Newscast: Just ask Dr. Kimberly Manning. The doctor decided to celebrate a milestone birthday by raising money to help fight coronavirus.

Steve Fennessy: Just ahead: how Dr. Kimberly Manning decided to take part in a coronavirus vaccine trial and why the decision for her was so important. This is Georgia Today.


Steve Fennessy:  This is Georgia Today. I'm Steve Fennessy.

Raphael Warnock: I'm grateful to work alongside you as we address these long-term health disparities that have plagued our communities for far too long.

Steve Fennessy: That's Reverend Raphael Warnock this week, days before he was sworn in as one of Georgia's United States senators. He spoke during an event to shed light on COVID-19's impact in the Black community.

Raphael Warnock: These comorbidities that we've been dealing with: hypertension, diabetes, stroke, all of these things exacerbate the impact of COVID-19 in communities of color. So we are dying, more likely to die, die more often.

Steve Fennessy: And that is weighing heavily on Dr. Kimberly Manning, a physician at Atlanta's Grady Memorial Hospital. Dr. Manning is my guest this week and we're discussing the impact of COVID-19 on the communities that she often serves.

Kimberly Manning: When people talk about COVID-19 disproportionately impacting the Black community, what that translates to, if you are a Black person who, you know, is sort of steeped in the Black community, you are the doctor in the family for a lot of people.

I basically since March have had, you know, in my phone like a list, a running list of virtual rounds. People that I wake up in the morning and I text them, hey, what's going on? How's your breathing? Are you turned over on your stomach? What are you doing? How's your mom? And at one point it was just text after text after text. Hey, I can't breathe. Hey, so-and-so lost their smell. Hey, I'm trying to decide if my mom should go to the hospital. Hey, what should I do?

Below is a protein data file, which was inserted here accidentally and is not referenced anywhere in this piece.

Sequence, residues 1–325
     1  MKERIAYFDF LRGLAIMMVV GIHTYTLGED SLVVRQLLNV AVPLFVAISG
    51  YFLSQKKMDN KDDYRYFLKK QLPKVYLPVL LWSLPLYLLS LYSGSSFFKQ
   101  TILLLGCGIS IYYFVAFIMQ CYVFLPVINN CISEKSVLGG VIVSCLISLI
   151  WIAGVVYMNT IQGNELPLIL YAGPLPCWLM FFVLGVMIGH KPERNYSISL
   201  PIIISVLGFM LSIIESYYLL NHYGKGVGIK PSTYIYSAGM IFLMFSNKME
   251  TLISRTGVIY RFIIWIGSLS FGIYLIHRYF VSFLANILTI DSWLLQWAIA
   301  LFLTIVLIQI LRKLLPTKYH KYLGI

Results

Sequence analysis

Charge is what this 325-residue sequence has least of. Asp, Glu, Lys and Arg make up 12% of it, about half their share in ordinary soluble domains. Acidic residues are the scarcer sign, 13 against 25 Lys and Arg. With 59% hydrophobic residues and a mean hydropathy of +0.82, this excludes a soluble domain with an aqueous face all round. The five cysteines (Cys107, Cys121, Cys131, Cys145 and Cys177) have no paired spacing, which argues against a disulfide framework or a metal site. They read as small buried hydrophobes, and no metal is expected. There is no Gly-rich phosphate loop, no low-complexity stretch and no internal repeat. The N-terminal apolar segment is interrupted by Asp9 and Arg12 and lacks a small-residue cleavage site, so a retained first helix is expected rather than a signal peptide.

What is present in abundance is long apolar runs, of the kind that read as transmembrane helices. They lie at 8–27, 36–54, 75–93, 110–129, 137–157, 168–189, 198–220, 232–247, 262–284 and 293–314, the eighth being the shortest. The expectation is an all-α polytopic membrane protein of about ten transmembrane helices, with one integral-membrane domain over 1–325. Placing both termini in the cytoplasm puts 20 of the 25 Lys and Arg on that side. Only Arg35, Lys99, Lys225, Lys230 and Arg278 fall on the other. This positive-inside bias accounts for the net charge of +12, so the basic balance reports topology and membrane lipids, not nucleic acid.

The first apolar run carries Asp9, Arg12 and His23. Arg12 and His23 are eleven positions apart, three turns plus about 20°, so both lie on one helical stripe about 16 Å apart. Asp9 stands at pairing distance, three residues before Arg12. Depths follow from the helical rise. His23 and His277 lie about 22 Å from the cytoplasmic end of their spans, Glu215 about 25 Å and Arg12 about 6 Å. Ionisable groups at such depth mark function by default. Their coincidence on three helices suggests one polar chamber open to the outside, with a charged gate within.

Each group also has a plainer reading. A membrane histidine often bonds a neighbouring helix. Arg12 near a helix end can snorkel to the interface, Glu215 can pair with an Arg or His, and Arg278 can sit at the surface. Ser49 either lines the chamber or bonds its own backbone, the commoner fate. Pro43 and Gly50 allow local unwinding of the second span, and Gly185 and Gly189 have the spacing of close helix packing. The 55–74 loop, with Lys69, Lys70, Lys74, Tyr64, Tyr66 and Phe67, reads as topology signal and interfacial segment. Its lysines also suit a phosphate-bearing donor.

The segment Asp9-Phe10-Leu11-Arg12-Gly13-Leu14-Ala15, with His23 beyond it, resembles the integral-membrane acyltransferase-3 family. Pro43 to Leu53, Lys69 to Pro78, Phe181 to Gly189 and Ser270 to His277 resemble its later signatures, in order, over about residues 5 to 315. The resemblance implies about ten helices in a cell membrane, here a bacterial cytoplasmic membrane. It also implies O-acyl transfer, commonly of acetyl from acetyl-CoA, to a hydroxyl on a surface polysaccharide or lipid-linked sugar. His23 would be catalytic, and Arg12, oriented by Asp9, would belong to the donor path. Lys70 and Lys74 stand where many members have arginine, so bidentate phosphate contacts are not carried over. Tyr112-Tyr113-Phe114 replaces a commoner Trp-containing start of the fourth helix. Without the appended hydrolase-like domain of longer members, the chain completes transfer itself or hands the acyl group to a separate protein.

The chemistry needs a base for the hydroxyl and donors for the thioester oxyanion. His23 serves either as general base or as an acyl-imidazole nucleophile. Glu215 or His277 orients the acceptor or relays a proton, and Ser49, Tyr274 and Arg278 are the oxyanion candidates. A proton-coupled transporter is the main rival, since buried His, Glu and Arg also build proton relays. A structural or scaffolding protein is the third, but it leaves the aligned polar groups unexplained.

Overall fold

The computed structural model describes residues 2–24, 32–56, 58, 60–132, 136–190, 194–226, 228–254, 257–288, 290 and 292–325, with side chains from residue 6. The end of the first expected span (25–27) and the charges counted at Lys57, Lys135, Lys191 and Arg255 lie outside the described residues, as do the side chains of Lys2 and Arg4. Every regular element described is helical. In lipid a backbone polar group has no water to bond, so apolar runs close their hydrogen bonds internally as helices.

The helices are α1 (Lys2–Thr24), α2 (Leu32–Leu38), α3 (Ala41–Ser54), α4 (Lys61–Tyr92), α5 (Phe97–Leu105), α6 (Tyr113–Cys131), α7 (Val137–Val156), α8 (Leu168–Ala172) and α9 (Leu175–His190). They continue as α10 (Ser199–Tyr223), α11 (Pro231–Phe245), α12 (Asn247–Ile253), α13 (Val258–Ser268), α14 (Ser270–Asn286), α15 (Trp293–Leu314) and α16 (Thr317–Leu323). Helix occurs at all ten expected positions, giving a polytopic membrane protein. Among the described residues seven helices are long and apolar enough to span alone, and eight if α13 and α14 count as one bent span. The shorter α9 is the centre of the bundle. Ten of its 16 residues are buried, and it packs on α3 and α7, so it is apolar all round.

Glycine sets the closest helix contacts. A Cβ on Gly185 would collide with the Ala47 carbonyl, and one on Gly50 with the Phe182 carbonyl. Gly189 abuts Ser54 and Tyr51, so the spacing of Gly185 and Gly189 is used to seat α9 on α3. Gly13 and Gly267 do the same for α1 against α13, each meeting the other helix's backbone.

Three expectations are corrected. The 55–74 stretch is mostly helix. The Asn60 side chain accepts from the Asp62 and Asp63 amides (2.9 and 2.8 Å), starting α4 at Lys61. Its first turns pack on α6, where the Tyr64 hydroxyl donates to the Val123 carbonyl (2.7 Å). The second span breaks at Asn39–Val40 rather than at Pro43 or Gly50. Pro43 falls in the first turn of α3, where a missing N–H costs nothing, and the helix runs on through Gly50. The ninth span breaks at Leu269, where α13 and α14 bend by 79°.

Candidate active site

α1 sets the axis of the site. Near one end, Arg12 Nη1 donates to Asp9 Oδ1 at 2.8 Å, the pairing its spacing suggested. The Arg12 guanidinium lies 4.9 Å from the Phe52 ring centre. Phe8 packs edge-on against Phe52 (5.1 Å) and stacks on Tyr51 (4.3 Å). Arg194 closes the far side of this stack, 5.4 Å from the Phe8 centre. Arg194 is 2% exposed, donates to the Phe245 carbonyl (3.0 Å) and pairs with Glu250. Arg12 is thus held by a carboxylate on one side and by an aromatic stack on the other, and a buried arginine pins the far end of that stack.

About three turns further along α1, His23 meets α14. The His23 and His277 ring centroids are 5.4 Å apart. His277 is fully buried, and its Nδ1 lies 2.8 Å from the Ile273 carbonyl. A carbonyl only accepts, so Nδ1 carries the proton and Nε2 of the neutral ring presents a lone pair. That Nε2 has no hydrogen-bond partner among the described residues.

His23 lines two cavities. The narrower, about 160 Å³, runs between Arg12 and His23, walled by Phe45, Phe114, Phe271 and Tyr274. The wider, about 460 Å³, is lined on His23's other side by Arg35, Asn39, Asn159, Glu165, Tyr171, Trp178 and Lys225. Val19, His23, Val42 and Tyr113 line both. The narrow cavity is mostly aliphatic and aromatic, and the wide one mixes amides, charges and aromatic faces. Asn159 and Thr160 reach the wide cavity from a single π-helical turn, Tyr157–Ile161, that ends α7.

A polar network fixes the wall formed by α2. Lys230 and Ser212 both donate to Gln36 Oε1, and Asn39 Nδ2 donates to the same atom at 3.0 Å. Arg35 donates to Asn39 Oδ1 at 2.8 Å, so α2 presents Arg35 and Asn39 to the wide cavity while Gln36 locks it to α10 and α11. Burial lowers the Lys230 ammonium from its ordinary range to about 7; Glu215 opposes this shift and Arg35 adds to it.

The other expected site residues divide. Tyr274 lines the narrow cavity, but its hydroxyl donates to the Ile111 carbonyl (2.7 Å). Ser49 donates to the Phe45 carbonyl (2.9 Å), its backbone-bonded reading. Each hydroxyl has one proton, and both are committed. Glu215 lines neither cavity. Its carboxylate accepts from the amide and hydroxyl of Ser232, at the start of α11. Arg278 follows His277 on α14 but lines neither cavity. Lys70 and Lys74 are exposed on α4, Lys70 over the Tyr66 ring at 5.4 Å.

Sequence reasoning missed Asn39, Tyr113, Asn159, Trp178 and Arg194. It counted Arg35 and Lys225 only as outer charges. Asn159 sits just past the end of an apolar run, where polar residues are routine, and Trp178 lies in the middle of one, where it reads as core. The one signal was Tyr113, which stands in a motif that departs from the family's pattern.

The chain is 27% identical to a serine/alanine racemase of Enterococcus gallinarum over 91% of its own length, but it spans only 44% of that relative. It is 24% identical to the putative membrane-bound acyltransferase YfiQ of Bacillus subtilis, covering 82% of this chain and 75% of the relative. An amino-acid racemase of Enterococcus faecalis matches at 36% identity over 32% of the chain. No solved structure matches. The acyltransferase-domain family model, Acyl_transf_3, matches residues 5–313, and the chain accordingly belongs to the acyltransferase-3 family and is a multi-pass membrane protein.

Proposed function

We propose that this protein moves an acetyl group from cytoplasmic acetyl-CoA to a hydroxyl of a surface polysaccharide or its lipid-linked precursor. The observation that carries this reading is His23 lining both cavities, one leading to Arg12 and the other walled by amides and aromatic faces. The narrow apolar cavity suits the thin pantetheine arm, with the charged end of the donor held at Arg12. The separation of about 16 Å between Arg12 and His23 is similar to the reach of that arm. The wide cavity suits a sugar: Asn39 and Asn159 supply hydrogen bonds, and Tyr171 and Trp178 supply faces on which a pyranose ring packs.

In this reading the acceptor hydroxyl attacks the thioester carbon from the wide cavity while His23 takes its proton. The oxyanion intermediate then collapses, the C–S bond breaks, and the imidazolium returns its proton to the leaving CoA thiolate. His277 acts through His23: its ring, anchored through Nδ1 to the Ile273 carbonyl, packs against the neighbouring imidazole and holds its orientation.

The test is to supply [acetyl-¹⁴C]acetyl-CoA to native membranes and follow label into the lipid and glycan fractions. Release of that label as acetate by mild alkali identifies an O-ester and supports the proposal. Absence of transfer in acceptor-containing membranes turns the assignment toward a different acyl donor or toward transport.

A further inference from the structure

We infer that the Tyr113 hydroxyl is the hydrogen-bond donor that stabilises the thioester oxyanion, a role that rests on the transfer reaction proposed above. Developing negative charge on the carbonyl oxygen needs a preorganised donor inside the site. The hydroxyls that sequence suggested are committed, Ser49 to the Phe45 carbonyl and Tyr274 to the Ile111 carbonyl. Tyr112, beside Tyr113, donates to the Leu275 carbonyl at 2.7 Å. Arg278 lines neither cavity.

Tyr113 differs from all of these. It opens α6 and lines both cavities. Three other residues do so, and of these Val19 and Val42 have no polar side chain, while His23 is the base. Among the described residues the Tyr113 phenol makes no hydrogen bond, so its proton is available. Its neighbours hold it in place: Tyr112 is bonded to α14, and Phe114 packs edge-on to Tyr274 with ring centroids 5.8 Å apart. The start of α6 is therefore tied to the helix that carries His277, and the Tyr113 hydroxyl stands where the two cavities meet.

And I had a near peer that went to college with me that was in the ICU for, you know, more than 40 days. Same age as me, a parent, someone who doesn't have a bunch of medical problems. And it was terrifying. So I think more of what I'm saying is that this air quotes “a disproportionate impact” — it is palpable in my lived experience in terms of who's calling me, who's worrying, who's asking for my advice, who's trying to navigate systems. Furthermore, with people who get admitted to the hospital and who can't go see their loved ones, people are just grabbing at anything they can get to try to understand what's happening. And so I'm getting a lot of those calls as well. So I'm feeling that a lot, too.

Steve Fennessy: You made a decision to take part in a vaccine trial. Can you talk a little bit about about what that meant and how you decided to make that decision?

Kimberly Manning: In addition to being a Black American, I'm a descendant of slavery. And the significance of that is that slaves were, were — you know, there's things described to people describing slaves and Black people as better than lab animals. There were people who looked like me who could not say no, they couldn’t be consented. They couldn't be given all the information and allowed to sign forms, to pull out of something if they didn't want to do it, to decide if they wanted to participate. They were often sold to somebody just for them to be experimented on.